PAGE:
Rough road for private bus operators

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No level playing field:Private operators say that they are being burdened, while the Government is doling out several sops to State-run road transport corporations.
No level playing field:Private operators say that they are being burdened, while the Government is doling out several sops to State-run road transport corporations.

Anil Kumar Sastry

Quarterly tax per seat increased from Rs. 500 to Rs. 600

BANGALORE: Private bus operators, who serve almost one-third of the State's public transport needs with around 7,000 buses, received a shock when Chief Minister B.S. Yeddyurappa proposed to increase the quarterly tax per seat from Rs. 500 to Rs. 600.

The announcement comes at a time when the Government has been talking loudly about promoting public transport and discouraging private modes of transport. Even though Karnataka State Road Transport Corporation (KSRTC), North West Karnataka Road Transport Corporation and North East Karnataka Road Transport Corporation were allowed to increase the fares following diesel price hike from Wednesday midnight, private operators have to wait till the Regional Transport Authority of the district allows the increase in fares,.

“Our load factor has already been on the decrease because of availability of other cheaper and convenient modes of transport. If we again increase the fares, we cannot compete with other modes of transport,” said Mahesh Bhat, Director of Sahakara Sarige, Koppa.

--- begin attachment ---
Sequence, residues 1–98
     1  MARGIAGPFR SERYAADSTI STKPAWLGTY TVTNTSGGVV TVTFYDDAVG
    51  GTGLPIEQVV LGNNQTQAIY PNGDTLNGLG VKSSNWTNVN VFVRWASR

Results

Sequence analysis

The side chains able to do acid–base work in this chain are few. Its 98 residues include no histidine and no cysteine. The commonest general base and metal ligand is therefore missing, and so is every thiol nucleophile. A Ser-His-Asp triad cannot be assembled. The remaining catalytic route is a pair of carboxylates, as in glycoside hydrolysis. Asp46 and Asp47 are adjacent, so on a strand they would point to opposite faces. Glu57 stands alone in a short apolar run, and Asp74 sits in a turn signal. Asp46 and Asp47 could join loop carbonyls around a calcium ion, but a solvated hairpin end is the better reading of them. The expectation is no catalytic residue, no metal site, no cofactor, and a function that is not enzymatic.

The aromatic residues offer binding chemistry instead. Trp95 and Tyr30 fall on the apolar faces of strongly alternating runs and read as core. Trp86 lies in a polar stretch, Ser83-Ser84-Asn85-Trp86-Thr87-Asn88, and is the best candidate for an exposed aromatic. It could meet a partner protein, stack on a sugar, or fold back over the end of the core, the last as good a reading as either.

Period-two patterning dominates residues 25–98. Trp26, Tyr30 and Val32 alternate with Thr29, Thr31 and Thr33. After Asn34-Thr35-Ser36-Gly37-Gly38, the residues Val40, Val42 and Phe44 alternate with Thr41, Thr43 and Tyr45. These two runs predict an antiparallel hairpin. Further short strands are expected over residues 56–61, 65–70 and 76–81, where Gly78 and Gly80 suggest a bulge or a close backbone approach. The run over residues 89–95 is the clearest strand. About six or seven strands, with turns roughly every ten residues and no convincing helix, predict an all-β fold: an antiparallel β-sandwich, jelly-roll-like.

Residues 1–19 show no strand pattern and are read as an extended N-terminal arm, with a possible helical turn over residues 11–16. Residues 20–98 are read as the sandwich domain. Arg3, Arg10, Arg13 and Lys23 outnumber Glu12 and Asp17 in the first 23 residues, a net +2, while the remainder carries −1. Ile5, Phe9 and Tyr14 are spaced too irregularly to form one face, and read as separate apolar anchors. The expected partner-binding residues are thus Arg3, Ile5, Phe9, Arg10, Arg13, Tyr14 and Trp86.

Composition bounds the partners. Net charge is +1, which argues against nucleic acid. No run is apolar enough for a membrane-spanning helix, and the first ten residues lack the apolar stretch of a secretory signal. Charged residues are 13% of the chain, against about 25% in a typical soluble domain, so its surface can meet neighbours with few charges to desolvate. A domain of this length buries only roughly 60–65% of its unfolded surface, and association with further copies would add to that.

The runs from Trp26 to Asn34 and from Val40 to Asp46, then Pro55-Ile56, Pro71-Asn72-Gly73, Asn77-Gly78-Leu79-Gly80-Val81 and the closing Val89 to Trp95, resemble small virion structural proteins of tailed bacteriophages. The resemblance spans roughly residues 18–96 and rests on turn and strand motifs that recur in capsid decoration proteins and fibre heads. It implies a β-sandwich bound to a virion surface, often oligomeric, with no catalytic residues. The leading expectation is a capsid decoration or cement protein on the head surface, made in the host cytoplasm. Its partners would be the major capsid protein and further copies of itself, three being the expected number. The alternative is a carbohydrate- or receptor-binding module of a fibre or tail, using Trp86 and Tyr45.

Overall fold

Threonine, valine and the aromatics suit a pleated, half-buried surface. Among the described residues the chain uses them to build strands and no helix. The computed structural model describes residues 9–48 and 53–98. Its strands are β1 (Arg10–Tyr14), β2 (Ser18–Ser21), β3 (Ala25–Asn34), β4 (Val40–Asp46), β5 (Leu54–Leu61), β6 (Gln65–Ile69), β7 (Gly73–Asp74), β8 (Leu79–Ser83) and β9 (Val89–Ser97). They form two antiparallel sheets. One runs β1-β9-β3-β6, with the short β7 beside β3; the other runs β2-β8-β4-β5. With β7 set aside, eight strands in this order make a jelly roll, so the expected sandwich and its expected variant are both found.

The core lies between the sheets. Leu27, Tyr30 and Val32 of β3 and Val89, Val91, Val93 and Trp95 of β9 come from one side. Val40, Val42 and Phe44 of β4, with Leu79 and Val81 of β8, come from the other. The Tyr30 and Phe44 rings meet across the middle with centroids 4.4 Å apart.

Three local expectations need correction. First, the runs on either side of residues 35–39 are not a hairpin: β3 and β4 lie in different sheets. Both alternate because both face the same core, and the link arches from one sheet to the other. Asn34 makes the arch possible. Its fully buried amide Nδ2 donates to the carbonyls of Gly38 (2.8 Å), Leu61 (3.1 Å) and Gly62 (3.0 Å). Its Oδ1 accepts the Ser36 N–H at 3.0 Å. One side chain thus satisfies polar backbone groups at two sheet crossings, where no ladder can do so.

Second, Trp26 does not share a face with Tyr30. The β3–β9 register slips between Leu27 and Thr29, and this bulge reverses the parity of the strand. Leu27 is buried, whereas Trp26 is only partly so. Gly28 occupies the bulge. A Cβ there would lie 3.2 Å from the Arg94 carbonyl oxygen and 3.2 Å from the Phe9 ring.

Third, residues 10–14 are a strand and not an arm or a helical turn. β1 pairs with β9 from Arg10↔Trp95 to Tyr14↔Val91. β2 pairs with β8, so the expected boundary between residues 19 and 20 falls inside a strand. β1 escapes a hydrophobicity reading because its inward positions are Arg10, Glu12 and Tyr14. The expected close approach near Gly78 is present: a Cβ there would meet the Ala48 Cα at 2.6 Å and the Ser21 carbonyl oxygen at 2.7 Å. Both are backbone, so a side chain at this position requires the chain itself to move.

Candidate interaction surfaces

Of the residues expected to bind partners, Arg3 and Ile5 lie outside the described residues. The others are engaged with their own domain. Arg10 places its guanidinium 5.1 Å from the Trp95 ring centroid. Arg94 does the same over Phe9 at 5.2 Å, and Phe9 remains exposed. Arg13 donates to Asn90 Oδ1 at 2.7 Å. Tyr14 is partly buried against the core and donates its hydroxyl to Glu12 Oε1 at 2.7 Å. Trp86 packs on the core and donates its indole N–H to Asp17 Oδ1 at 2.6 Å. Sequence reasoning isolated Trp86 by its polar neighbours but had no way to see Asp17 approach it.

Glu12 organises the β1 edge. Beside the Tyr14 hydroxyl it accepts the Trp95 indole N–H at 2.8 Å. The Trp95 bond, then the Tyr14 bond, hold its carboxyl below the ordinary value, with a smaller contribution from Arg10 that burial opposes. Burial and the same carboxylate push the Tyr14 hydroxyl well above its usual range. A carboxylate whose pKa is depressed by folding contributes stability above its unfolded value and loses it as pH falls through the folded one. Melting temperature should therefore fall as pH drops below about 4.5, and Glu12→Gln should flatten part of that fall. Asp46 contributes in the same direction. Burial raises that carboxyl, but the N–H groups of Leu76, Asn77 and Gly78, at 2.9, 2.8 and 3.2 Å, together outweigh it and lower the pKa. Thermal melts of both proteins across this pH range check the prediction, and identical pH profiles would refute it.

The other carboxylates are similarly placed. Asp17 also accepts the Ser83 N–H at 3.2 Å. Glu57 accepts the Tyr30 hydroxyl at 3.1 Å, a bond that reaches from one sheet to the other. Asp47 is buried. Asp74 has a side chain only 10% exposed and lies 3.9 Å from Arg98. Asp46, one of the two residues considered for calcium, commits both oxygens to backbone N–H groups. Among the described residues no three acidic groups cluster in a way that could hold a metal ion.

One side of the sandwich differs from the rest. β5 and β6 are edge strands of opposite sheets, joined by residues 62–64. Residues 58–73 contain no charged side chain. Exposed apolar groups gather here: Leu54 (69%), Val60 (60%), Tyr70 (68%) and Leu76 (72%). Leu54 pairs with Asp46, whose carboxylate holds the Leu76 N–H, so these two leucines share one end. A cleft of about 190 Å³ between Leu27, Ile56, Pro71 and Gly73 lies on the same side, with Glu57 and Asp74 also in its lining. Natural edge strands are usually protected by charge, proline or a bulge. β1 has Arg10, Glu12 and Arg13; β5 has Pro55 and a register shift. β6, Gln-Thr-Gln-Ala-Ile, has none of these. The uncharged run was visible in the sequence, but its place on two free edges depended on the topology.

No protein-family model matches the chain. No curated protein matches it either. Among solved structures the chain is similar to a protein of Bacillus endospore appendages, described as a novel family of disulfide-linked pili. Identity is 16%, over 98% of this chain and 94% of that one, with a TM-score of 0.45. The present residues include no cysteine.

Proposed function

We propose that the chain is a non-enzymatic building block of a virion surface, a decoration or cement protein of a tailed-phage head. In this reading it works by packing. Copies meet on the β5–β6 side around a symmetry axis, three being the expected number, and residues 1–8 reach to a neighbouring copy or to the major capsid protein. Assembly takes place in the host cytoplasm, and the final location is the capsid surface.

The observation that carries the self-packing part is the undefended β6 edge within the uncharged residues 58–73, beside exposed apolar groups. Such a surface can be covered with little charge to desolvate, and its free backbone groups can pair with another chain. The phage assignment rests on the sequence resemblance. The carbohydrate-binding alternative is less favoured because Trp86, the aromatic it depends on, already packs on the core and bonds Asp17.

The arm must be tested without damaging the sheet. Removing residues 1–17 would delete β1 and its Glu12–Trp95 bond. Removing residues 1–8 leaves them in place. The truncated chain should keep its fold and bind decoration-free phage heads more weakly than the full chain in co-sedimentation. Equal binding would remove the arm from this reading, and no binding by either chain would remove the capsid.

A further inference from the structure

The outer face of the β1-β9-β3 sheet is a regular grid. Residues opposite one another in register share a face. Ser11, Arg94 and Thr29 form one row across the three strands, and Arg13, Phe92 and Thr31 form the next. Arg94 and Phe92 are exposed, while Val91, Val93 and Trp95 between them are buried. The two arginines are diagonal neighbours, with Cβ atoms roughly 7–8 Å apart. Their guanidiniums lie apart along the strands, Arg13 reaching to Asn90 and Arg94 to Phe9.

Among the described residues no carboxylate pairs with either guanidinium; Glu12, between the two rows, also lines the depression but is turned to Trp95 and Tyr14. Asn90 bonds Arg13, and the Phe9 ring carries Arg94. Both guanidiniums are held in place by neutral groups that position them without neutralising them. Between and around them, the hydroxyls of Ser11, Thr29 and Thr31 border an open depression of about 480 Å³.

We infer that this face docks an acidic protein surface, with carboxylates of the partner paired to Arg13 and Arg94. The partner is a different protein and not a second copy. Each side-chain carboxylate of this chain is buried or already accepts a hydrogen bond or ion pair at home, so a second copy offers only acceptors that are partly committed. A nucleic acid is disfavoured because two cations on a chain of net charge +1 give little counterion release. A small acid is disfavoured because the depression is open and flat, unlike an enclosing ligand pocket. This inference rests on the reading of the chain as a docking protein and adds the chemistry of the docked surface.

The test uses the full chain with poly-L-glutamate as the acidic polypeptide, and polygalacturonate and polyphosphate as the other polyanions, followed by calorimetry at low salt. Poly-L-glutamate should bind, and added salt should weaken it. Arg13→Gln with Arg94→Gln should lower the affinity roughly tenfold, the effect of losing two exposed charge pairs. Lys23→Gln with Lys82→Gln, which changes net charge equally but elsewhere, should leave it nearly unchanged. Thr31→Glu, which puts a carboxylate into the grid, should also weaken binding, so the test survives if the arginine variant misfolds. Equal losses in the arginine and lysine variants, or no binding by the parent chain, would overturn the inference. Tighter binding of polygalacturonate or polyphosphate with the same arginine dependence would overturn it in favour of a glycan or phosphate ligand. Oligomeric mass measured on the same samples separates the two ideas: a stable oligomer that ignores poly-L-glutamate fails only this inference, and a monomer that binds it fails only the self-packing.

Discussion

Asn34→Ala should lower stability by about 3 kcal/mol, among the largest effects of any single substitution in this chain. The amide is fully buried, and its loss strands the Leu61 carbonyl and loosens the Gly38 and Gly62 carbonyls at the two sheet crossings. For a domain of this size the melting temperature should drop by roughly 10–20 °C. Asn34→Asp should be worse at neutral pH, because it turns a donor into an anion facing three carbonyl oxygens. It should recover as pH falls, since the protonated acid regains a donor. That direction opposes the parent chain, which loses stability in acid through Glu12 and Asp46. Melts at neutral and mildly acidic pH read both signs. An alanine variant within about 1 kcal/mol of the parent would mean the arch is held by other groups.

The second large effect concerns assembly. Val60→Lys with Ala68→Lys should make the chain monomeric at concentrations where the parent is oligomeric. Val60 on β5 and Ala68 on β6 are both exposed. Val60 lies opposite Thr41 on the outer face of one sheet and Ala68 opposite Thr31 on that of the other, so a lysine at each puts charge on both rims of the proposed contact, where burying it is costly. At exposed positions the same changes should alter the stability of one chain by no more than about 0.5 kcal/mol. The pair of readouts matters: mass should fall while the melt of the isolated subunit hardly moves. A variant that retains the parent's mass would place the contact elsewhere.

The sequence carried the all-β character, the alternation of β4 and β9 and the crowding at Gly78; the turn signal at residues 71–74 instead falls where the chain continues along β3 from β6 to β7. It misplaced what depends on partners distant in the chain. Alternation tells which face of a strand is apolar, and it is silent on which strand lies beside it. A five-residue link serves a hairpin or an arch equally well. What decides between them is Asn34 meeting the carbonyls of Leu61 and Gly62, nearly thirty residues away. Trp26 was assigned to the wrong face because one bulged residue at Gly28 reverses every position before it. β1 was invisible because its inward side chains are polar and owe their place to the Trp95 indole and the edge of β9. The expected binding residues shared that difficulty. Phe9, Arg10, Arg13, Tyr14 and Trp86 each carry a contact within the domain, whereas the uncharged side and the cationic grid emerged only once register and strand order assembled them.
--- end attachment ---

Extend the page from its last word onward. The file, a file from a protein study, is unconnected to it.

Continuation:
Mr. Bhat told The Hindu that the operators could have withstood this tax increase if the prices of diesel were not increased. Sarige operates 65 schedules in Chikmagalur district.

“Private operators, like State-run corporations, are providing service to lakhs of people in a better way. Nobody operates without profit motive and State corporations are no exceptions. When the government is doling out several sops to these corporations, why burden the private operators,” asked Rajavarma Ballal, President of Karnataka State Bus Owners' Federation.

Mr. Ballal told The Hindu that the operators had no other option but to pass on the burden to the public.

Balehonnur-based Road Users' Forum president Shankaranarayana Bhat said the road tax on KSRTC had been reduced from 17 per cent of the total traffic revenue to 7 per cent over the years.

On the other hand, the burden on private operators has been increased. Instead, the Government should have tightened tax collection, particularly from the mining sector and value added tax, Mr. Bhat felt.

The KSRTC, NEKRTC and NWKRTC have been allocated Rs. 25 crore each for improving services in rural areas.

Lifetime tax

Mr. Yeddyurappa brought certain categories of non-passenger vehicles under the lifetime tax (LTT) net from the quarterly tax regime. From April 1, light goods vehicles with unladen weight of 3,000 kg to 5,500 kg will attract LTT of Rs. 20,000 instead of Rs. 1,200 quarterly tax. Also, vehicles used in the construction industry such as mobile crane, tipper, fork lift, tower wagon etc, which had to pay quarterly tax of Rs. 200 per 1,000 kg of unladen weight, will have to pay LTT of 10 per cent on the total cost of the vehicle.

Describing this as a clever move, a senior transport department official said, owners of these categories of vehicles were habitual defaulters in payment of quarterly tax.




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